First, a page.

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Is it really recycled?
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Tristan



Joined: 29 Dec 2004
Posts: 392
Location: North Gloucestershire
PostPosted: Wed Mar 09, 05 11:58 pm    Post subject:  Reply with quote    

Ive had that confirmed by a family friend in Nottinghamshire who followed a glass recycling truck to the local landfill where it tipped 17 tonnes of broken glass in with the household waste. Not really surprising when the cost of recycling glass is greater than the cost of making it from scratch

jema
Downsizer Moderator


Joined: 28 Oct 2004
Posts: 26648
Location: escaped from Swindon
PostPosted: Thu Mar 10, 05 12:00 am    Post subject: Reply with quote    

Tristan wrote:
Ive had that confirmed by a family friend in Nottinghamshire who followed a glass recycling truck to the local landfill where it tipped 17 tonnes of broken glass in with the household waste. Not really surprising when the cost of recycling glass is greater than the cost of making it from scratch


Once apon a time you could recycle intact glass

Marigold123



Joined: 06 Feb 2005
Posts: 224

PostPosted: Thu Mar 10, 05 1:45 am    Post subject: Reply with quote    

jema wrote:
Once apon a time you could recycle intact glass
Yep! My siser and I used to make a bomb when we were kids, by knocking on doors and taking away folks' old lemonade and beer bottles for them, then taking them back to the shop for the deposit.

Gertie



Joined: 08 Jan 2005
Posts: 1638
Location: Yorkshire
PostPosted: Thu Mar 10, 05 7:31 am    Post subject: Reply with quote    

I've got my own little recycling scheme.

I buy in jars for my pickles, chutneys and jams - these are sold onto my friends and neighbours and when they finish the jars they give me them back, I check for any damage and if they are 100% ok I sterilise them, to be re-used later. I can then deduct the cost of the initial jar from their next order. I'm not out for making a profit - I enjoy cooking and my friends and neighbours enjoy the product!

sean
Downsizer Moderator


Joined: 28 Oct 2004
Posts: 41985
Location: North Devon
PostPosted: Thu Mar 10, 05 7:40 am    Post subject: Reply with quote    

jema wrote:
Once apon a time you could recycle intact glass


Some businesses still do, Young's brewery in Wandsworth(the one that uses dray horses) re-use the bottles from their own pubs. I once got a bottle of Ramrod which had been made in 1948. The bottle, not the beer.

mochyn



Joined: 21 Dec 2004
Posts: 24569
Location: mid-Wales
PostPosted: Thu Mar 10, 05 8:46 am    Post subject: Reply with quote    

Young's: one of their drays ran over my great-grannie and killed her. Long time ago, even before your bottle was made, Sean!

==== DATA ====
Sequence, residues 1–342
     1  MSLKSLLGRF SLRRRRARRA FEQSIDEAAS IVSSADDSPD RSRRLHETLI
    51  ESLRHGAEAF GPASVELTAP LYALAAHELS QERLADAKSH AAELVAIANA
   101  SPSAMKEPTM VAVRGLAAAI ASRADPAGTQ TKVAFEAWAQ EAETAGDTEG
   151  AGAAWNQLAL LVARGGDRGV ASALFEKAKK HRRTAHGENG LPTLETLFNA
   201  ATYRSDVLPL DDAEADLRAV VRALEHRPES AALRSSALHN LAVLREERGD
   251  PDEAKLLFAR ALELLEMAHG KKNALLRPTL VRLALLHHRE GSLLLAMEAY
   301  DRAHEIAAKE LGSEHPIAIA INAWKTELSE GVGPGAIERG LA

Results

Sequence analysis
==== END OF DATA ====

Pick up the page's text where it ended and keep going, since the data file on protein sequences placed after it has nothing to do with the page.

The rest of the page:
Sarah D



Joined: 28 Oct 2004
Posts: 2584

PostPosted: Thu Mar 10, 05 12:01 pm    Post subject: Reply with quote    

If these stories ar true, then it is an even greater incentive to reduce before we re-use or recycle, no?

tahir



Joined: 28 Oct 2004
Posts: 44283
Location: Essex
PostPosted: Thu Mar 10, 05 12:02 pm    Post subject: Reply with quote    

Yup, reduce is the best policy all the way around.

joker



Joined: 08 Nov 2004
Posts: 188
Location: hiding
PostPosted: Thu Mar 10, 05 12:10 pm    Post subject: Reply with quote    

mochyn wrote:
Young's: one of their drays ran over my great-grannie and killed her. Long time ago, even before your bottle was made, Sean!


Sorry but this made me think of the line in Mrs Doubtfire when she/He says It was the drink that killed her husband he was hit by a guiness truck

Its true youngs do still use drays i saw one only 2 weeks ago

Gertie



Joined: 08 Jan 2005
Posts: 1638
Location: Yorkshire
PostPosted: Thu Mar 10, 05 6:21 pm    Post subject: Reply with quote    

There used to be a few breweries which would use the dray horses, Vaux brewery used to use them - shame they don't anymore

I'd love to see more Clydesdales and Shires being used - only time we get to see them now is 'turned out' at the Great Yorkshire Show.

tinyclanger



Joined: 27 Dec 2004
Posts: 190
Location: in the kitchen, baking
PostPosted: Thu Mar 17, 05 2:30 pm    Post subject: Tristians recycling dilema Reply with quote    

Dear Tristian,

I looked on the Hampshire Council website and have found the answer to your concern about your rubbish and your recycling going into the same truck.

Use the link here

http://www.hart.gov.uk/waste/bluebin.htm

It says that the refuse and recycling bins are collected by a split rear end loader. This is a refuse truck which is split in two, thus keeping the refuse and recycling materials seperate.
I hope this aleviates your fears for the destination of your recycling.


Cheers,em:-)

tinyclanger



Joined: 27 Dec 2004
Posts: 190
Location: in the kitchen, baking
PostPosted: Fri Mar 18, 05 2:54 pm    Post subject: Reply with quote    

Tristan,

I had a look into this problem ....

[/quote] Not really surprising when the cost of recycling glass is greater than the cost of making it from scratch [quote]